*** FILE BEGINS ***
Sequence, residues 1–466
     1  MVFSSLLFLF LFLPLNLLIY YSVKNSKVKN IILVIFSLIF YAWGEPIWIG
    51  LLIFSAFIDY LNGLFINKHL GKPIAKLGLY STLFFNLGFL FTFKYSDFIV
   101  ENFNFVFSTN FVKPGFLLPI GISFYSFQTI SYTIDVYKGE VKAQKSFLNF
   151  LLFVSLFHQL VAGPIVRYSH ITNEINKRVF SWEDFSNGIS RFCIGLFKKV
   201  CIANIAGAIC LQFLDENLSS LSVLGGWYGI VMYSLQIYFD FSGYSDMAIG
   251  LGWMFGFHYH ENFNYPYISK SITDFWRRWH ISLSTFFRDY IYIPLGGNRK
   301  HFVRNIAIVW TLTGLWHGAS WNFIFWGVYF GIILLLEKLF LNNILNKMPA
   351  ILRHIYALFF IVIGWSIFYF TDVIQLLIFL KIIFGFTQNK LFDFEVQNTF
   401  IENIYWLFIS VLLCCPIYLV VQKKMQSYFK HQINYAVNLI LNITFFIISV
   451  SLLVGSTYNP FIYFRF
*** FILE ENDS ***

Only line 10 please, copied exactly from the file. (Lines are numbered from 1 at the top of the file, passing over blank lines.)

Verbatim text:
   401  IENIYWLFIS VLLCCPIYLV VQKKMQSYFK HQINYAVNLI LNITFFIISV